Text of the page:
Pet’s Corner Q&A

I need to get my cat a carrier ready for vet visits and travelling in the car. What should I look out for and how can I get my cat to go inside it?

Your cat will need a carrier that is big enough for them to sit, lie down, stand and turn around in.

It is also important to have a front door, top door and a lid that clips on and off.

To help cats feel safe, a carrier with solid sides (though with airflow slats) is best, as they will feel that they can hide and feel secure.

Reward them with treats when they go inside it. Picture: Pixabay/Pexels

Once you’ve found the perfect carrier, you’ll need to convince them it’s a safe and comfortable place to go.

You can do this by putting a blanket and spraying some pheromone spray in your carrier 30 minutes beforehand, leaving the door open and placing it somewhere your cat spends a lot of time.

Cats are very inquisitive, so they’ll want to explore.

Reward them with treats when they go inside it. If your cat is particularly worried about the carrier, then you could also take the lid off while they get used to it.

Gradually you will be able to shut the carrier and leave them in there for a few minutes, rewarding them accordingly.

Be patient, the whole process will not happen overnight and you should allow at least a week or two before traveling in the carrier for your cat to get used to it.

My cat Mo has suddenly got awful bad breath. What could this be? Bad breath is not normal in cats so it usually indicates a problem. It could be that Mo has dental disease, or something more serious such as kidney disease or diabetes.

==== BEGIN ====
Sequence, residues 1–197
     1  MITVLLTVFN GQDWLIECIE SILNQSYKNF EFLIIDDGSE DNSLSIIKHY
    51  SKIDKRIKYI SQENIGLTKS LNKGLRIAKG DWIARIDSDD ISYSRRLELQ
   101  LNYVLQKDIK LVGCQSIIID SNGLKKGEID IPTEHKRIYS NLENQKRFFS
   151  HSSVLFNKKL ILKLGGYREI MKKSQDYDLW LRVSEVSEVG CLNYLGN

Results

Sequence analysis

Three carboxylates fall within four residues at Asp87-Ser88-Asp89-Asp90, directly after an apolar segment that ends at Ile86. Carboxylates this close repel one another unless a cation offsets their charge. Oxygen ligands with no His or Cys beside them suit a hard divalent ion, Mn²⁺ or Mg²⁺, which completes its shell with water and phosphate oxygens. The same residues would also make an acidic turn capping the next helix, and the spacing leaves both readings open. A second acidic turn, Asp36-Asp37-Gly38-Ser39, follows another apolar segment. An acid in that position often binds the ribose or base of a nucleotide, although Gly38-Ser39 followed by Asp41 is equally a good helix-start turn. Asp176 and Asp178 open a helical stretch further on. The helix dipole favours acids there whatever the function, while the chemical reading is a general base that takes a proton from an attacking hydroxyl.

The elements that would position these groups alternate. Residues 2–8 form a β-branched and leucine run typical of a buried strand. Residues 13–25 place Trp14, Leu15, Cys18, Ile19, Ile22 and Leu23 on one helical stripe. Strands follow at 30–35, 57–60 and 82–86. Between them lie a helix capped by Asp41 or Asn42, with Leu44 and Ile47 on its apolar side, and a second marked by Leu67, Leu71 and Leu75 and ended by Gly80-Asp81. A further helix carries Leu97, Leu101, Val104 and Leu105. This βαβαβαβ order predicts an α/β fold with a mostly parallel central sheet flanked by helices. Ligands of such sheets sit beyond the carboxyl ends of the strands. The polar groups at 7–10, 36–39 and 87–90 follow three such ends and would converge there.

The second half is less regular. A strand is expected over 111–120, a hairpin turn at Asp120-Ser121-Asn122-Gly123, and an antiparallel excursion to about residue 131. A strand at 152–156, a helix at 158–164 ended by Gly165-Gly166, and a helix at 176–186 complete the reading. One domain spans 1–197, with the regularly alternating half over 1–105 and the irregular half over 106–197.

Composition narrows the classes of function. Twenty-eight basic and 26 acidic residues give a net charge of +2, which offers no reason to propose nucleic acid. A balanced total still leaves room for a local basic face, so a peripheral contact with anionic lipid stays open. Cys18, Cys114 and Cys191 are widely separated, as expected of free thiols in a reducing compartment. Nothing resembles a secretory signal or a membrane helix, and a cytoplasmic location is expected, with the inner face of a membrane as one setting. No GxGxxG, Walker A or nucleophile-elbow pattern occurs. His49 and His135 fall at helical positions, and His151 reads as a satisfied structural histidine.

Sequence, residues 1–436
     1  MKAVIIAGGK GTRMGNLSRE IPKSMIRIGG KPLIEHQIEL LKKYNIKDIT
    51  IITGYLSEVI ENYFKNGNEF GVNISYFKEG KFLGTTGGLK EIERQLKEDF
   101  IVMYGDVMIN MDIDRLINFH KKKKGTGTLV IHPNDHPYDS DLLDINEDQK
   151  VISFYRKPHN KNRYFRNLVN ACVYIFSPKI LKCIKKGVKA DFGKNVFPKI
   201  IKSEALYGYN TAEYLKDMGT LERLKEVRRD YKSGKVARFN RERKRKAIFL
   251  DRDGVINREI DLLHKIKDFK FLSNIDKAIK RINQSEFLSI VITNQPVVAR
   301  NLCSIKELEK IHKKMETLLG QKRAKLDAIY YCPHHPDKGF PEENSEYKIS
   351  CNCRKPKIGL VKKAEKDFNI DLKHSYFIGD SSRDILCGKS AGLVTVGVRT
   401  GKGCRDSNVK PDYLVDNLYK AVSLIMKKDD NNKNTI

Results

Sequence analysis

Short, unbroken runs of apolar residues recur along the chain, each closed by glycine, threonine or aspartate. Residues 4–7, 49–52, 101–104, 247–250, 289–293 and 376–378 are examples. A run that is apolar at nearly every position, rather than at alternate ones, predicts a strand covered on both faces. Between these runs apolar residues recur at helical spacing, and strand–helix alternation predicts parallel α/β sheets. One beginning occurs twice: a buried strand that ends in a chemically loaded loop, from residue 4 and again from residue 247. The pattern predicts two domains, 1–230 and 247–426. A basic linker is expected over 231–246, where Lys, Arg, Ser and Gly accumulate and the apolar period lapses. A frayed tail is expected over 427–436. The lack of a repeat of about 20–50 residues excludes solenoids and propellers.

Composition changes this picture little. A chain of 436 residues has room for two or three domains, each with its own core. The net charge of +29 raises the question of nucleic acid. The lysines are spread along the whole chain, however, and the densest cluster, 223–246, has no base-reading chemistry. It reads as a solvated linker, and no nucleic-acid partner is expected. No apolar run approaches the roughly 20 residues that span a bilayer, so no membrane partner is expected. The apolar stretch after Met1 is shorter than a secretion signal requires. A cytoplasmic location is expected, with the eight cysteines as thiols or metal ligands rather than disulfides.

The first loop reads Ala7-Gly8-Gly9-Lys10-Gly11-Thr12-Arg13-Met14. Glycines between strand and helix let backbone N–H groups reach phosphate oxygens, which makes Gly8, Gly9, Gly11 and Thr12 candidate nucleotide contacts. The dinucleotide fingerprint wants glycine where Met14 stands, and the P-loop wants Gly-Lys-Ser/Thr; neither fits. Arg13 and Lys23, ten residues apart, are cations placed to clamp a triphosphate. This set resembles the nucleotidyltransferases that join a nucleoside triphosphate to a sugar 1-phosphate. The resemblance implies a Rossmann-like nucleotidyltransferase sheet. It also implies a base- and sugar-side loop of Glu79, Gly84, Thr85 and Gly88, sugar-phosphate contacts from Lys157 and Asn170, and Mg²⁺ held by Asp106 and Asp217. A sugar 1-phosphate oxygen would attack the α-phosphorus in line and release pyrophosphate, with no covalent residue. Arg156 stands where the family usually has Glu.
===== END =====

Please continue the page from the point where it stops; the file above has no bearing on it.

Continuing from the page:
I’d recommend taking Mo to the vets so they can examine his mouth safely.

They will ask about any other symptoms you’ve noticed, so keep an eye on Mo to see if there is anything else going on such as excessive drooling,
change in coat condition, excessive drinking, weight loss, difficulty eating or low energy.

I saw in the news about the new law for cats to be microchipped. I have three rabbits, do they need to be microchipped?

Although it’s not a legal requirement to have any other pets microchipped, we recommend that you do.

Rabbits and other small pets are notorious escape artists, so having them microchipped will help reunite you quickly if they do go wandering.

Rabbits and other small pets are notorious escape artists Picture: Pixabay/Thomas G.

It is a relatively easy and quick procedure.

Microchips can only be implanted by vets, veterinary nurses, and people who have been specially trained.

Most owners get their pets’ microchipped at the vets, but if you go elsewhere (such as a rescue centre or grooming parlour) it’s important to make sure the person chipping your pet is qualified to do it.


Picture: Pixabay/yairventuraf

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